On Sunday July 15, Novak Djokovic claimed his fourth Wimbledon title, coming through comfortably against South African Kevin Anderson 6-2 6-2 7-6 (7-3).
This win concludes Djokovic’s first major since the French Open in 2016, as well as returning to the top ten in the world rankings after struggling with injuries over the recent years.
Seeded 12th at the Championships, the former world number one’s first real test came in the third round against Briton Kyle Edmund, whom he had lost to two months previously at the Barcelona Open.
A slow start by the Serb meant that Edmund was able to showcase his talent as he went on to win the first set 6-4. Despite the bias of the home crowd making life difficult for Djokovic, he played tennis worthy of a top ten player to take the match 4-6 6-3 6-2 6-4.
After victories against rising star Karen Khachanov and top-20 player Kei Nishikori, the semi-final saw a battle between two of the sport’s main rivals, Djokovic against Spaniard Rafael Nadal.
After a long wait for both players and fans alike due to the marathon match played between big servers Anderson and American John Isner, the pair stepped out under the bright lights of Centre Court to loud applause from the crowd.
Despite Djokovic winning the first set 6-4, Nadal was not going to go down without a fight. The Spaniard quickly levelled the match at one set all, claiming the second set 6-3. The third set proved to be of the highest quality, with both men playing some of their best tennis. With only a couple of points separating them, Djokovic won the third set tiebreak 11-9.
Given the curfew of 11pm, this proved to be perfect timing – the match would resume on Saturday with Djokovic enjoying the slight advantage of being a set up.
The second half of the match resumed on Saturday afternoon under a closed roof. Despite not being overjoyed at the prospect of playing indoors at an outside event, Nadal made the most of his opportunities as he levelled the match again at two sets all.
In the fifth and final set, there proved to be little separating the two players, with their passion to win evident. With both continuing to hold serve, it was unclear who would break first. In the end, it was Djokovic who found the breakthrough as he progressed to the Wimbledon final where he would face Kevin Anderson.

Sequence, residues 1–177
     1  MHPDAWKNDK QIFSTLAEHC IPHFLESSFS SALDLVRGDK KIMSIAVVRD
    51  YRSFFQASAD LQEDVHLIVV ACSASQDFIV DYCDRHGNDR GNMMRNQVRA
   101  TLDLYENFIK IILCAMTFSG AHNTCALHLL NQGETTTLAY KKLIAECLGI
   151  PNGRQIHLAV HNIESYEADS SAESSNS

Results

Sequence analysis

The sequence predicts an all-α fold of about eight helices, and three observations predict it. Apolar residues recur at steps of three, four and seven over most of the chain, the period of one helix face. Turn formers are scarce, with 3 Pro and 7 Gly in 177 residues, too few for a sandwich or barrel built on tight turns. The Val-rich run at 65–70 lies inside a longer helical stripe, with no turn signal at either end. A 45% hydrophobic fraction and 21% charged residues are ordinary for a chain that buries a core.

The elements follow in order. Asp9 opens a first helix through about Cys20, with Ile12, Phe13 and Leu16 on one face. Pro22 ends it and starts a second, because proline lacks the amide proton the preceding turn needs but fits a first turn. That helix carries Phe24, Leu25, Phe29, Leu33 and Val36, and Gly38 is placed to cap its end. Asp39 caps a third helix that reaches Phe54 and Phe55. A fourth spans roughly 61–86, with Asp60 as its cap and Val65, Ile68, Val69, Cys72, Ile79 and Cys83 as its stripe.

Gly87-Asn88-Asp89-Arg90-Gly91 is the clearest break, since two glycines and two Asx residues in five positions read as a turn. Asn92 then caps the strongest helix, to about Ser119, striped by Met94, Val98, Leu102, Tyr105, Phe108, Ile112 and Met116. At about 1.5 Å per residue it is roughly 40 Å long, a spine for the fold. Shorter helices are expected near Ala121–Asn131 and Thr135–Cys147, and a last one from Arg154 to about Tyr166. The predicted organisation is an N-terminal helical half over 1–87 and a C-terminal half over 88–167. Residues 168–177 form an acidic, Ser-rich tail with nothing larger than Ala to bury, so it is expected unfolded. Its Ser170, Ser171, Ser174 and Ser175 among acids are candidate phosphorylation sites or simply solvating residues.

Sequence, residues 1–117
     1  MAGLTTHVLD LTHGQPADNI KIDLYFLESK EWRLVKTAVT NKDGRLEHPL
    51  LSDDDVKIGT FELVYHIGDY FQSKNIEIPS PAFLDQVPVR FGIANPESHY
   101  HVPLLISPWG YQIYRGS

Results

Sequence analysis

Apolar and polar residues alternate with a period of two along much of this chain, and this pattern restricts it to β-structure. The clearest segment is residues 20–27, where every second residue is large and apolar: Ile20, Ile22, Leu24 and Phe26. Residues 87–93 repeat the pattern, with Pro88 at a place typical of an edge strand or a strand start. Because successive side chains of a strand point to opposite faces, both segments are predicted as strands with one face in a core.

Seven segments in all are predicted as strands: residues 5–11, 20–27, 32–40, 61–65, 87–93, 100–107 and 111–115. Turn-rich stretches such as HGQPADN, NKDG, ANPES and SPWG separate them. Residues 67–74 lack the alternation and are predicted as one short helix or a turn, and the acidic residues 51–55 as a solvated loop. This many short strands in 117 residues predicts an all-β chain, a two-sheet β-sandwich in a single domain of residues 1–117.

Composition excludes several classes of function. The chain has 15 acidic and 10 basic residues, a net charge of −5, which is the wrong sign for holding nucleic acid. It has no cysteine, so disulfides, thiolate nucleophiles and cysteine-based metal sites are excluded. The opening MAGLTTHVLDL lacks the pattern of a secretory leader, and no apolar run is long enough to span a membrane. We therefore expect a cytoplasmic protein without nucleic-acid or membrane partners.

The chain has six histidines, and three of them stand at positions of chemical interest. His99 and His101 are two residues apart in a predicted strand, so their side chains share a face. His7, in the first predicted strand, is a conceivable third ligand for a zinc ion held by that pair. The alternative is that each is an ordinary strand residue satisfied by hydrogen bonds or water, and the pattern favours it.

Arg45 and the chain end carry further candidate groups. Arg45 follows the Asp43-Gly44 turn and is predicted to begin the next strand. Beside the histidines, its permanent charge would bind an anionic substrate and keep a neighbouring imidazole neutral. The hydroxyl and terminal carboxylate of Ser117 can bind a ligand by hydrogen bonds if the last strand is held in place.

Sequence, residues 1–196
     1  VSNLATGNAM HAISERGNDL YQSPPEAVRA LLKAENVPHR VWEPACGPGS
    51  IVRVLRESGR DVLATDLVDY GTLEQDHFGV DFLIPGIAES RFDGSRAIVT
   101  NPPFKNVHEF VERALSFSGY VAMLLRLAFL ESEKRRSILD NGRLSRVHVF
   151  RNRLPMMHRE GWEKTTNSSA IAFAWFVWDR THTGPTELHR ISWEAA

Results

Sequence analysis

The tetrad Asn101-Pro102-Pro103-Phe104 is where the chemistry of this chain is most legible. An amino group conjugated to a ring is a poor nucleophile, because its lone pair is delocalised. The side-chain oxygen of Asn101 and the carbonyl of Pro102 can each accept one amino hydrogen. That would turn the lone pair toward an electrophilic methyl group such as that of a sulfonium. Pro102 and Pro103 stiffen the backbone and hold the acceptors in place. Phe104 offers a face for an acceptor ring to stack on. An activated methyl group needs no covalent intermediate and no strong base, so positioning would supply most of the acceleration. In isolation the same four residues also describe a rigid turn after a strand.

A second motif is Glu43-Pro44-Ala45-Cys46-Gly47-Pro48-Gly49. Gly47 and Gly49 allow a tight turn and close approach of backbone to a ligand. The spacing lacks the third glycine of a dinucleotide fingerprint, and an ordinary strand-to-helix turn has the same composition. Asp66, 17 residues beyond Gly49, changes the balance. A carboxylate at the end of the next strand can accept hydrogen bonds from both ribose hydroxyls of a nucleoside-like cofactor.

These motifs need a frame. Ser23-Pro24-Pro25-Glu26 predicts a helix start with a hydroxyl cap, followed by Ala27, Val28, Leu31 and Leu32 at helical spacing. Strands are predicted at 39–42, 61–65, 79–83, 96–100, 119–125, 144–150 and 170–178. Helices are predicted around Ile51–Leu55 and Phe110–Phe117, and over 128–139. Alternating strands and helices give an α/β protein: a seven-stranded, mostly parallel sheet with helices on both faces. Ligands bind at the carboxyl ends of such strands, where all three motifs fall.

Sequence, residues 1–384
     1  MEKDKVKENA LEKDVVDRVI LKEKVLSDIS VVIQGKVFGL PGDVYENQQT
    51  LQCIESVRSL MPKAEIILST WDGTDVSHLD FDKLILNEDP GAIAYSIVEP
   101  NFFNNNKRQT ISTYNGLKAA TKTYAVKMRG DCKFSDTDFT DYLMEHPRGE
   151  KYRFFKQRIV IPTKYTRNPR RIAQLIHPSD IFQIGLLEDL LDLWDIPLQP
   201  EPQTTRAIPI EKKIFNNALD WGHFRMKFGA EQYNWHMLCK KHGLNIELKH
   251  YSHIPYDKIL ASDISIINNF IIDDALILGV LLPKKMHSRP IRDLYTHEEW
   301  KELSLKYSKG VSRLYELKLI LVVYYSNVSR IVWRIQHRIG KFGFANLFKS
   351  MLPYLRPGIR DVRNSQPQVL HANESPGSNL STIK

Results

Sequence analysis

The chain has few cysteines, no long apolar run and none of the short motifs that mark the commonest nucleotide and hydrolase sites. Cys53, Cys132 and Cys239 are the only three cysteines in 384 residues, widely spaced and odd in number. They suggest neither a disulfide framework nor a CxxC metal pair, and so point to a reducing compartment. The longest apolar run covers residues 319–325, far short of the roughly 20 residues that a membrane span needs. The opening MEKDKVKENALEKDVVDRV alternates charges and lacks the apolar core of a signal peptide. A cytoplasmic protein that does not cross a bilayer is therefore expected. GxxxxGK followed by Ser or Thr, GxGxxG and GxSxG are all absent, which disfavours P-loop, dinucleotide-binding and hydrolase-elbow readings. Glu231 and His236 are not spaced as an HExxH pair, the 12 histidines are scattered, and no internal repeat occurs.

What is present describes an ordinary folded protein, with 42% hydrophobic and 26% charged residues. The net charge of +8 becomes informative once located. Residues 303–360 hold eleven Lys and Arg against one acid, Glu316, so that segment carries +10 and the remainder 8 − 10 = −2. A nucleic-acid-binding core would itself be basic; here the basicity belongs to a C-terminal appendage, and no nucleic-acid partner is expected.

Having faced two marathon matches in the space of a couple weeks (against Roger Federer and Isner), it is not surprising that Anderson struggled with his movement in the first couple of sets. Despite a much closer third set which went all the way to a tiebreak, it appeared to be too little too late for the South African, as Djokovic claimed his fourth Wimbledon and thirteenth Grand Slam title.
In an emotional post-match interview, Djokovic payed tribute to his son, Stefan Djokovic. Despite being too young to watch the match at three years old, he was there to watch his father lift the trophy in front of a packed Centre Court crowd.
Talking to Sue Barker directly after the match Djokovic said:
For the first time in my life, I have someone screaming “Daddy” and it’s a little boy right there…I’m very emotional for him being there, and my wife obviously and my whole team.
Despite not winning a Grand Slam title since the French Open in 2016, it appears that Djokovic is moving in the right direction. As he returns to the top ten in rankings, it is clear that the former world number one has not grown tired of winning just yet.
On the ladies side of things, Angelique Kerber defeated seven-time champion Serena Williams to claim the trophy for the first time. Wimbledon marked Williams’ fourth tournament since giving birth to her daughter Alexis Olympia Ohanian Jr, just 10 months prior.